Fleet Forum: rethinking humanitarian vehicle management

In 2005, most humanitarian aid organizations were managing their vehicle fleet in the same way as they had done for the past 20 years. Although vehicles represented the largest proportion of humanitarian agencies' capital assets, aid agency logistics lacked the management and operational professionalism of their commercial counterparts.

by Luk Van Wassenhove, Rolando Tomasini and Gillian Khaw
Last Updated: 23 Jul 2013

This case focuses on the birth of a forum to develop standards of practice for aid agency fleet management and operations. The case examines how humanitarian logistics differ from commercial logistics and reviews the humanitarian ecosystem as well as issues of funding and neutrality.

As research associate Rolando Tomasini, Luk N. Van Wassenhove, the Henry Ford chaired professor of manufacturing, and research associate Gillian Khaw explain, the life-or-death consequences of delivery mean that aid agencies are so focussed on outcome that they rarely pause to analyse how they could improve operations.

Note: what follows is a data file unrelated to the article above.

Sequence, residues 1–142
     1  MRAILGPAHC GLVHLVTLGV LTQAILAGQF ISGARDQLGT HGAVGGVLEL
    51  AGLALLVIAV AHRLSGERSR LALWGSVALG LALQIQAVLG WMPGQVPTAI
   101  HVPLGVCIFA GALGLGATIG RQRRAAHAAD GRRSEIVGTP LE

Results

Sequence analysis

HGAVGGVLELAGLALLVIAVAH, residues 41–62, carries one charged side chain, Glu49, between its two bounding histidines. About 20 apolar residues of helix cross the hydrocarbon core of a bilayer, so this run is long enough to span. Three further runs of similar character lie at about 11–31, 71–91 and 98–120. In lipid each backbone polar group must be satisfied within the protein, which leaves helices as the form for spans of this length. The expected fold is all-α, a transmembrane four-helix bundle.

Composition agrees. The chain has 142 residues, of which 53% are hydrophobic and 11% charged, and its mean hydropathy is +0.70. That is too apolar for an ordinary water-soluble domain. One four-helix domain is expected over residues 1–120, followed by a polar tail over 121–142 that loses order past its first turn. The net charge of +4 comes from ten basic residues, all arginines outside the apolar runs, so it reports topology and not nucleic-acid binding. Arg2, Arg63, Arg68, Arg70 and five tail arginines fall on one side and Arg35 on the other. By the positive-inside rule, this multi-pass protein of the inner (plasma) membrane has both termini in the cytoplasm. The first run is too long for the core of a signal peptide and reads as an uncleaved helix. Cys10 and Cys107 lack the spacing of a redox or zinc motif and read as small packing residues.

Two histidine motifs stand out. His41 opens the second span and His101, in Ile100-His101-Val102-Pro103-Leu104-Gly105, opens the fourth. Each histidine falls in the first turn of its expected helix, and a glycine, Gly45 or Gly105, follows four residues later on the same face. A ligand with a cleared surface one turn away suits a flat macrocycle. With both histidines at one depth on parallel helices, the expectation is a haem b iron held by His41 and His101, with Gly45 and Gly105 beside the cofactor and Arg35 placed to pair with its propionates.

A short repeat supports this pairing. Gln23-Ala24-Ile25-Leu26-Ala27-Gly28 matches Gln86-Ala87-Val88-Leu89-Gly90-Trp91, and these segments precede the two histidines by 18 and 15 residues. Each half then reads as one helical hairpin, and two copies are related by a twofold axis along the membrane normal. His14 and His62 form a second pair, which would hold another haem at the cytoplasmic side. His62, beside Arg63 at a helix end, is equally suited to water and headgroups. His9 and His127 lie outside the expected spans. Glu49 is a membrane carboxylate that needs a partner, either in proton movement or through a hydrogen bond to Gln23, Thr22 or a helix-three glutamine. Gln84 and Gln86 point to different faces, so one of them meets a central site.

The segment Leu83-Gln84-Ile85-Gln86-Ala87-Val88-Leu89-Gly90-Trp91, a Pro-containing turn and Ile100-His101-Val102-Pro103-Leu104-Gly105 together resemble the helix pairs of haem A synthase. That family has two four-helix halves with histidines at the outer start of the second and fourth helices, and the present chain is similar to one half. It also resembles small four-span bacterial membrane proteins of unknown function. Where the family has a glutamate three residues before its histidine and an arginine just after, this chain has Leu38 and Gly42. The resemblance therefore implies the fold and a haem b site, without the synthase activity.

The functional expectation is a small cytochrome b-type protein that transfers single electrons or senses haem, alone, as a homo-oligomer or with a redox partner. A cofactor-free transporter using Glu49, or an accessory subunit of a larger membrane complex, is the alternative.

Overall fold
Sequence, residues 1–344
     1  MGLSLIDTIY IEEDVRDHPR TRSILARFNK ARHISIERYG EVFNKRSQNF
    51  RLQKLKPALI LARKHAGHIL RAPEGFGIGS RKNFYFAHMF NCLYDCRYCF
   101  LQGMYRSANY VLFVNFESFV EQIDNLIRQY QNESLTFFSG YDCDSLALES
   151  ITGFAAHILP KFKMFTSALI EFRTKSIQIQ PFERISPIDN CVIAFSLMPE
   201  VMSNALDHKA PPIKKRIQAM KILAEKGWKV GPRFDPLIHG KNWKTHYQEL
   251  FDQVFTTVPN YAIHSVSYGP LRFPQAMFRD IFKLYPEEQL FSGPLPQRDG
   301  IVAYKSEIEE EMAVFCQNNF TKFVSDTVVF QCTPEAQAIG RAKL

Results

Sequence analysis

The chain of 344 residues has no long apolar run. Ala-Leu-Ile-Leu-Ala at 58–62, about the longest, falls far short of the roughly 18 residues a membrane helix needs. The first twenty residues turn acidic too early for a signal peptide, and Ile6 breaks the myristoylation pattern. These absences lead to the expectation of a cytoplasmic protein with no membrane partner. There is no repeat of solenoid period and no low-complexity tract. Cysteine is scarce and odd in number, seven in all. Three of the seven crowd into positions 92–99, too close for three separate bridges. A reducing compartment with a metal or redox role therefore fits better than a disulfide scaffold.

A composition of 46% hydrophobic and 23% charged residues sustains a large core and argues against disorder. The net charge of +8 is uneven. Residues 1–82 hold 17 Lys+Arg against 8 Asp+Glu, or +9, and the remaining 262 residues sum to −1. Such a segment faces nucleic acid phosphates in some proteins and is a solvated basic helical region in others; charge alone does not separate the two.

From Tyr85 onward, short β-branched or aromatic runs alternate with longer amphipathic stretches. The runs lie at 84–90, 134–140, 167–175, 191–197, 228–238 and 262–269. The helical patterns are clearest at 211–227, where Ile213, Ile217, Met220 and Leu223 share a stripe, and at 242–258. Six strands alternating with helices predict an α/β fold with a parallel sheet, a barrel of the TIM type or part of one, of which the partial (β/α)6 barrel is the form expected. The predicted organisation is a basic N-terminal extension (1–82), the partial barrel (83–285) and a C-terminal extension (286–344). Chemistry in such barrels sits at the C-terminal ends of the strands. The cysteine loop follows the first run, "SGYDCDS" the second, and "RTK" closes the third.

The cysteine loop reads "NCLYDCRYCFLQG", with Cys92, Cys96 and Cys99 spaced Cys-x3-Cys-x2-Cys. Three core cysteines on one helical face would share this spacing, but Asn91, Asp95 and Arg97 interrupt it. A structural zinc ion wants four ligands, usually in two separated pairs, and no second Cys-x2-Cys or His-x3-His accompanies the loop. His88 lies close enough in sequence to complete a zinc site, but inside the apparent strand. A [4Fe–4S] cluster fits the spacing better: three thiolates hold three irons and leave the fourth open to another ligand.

While logistics companies are driven by cost and efficiency considerations, aid agencies are governed by principles such as humanity, neutrality and impartiality, which explains why they are sometimes compelled to make seemingly inefficient choices in order to preserve their licence to operate.

As a result, in 2005 most humanitarian aid organizations were managing their fleet in the same way as they had done for the past 20 years: acquiring and disposing of vehicles on a crisis-by-crisis basis and driving them until they broke down.

Although vehicles represented the largest proportion of humanitarian agencies' capital assets, and logistics were their second-highest expenditure item (after personnel), aid agency logistics lacked the management and operational professionalism of their commercial counterparts. Modern global fleet management - vehicle acquisition, leasing fleet management technology, service, maintenance and training - was viewed as a major innovation.

Overcoming the initial reluctance of aid agencies to get involved in the Fleet Forum, Rob McConnell, the forum coordinator, proceeded to involve the various stakeholders. As he sought collaboration in the funding, he was careful not to lose the forum's independent identity.

The case shows the dual role that he had to play, responding to technical demands but also facilitating the transfer of knowledge, assisting in areas like project planning and setting up a wide range of networking opportunities through the yearly forum, not least the website that he designed for the purpose.
 
INSEAD 2006

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